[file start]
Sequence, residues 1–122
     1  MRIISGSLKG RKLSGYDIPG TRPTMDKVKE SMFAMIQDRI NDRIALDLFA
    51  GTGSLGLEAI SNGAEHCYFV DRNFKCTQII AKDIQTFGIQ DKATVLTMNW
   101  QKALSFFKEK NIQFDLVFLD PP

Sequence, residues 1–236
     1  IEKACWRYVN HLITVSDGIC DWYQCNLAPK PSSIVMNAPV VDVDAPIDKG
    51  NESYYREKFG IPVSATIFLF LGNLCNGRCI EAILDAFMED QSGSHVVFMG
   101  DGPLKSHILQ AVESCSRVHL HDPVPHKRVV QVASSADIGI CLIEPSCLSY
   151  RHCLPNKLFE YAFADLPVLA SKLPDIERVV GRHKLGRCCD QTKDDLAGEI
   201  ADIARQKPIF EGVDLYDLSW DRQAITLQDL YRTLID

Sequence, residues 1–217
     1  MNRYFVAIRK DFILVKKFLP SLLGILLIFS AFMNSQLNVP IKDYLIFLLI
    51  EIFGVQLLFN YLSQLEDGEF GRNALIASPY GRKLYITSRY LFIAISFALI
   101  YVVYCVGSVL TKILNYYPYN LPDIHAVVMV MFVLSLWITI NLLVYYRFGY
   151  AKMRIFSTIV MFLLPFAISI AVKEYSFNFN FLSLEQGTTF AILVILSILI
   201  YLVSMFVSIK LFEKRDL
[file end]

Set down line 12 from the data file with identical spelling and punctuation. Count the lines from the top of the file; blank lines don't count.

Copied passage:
     1  MNRYFVAIRK DFILVKKFLP SLLGILLIFS AFMNSQLNVP IKDYLIFLLI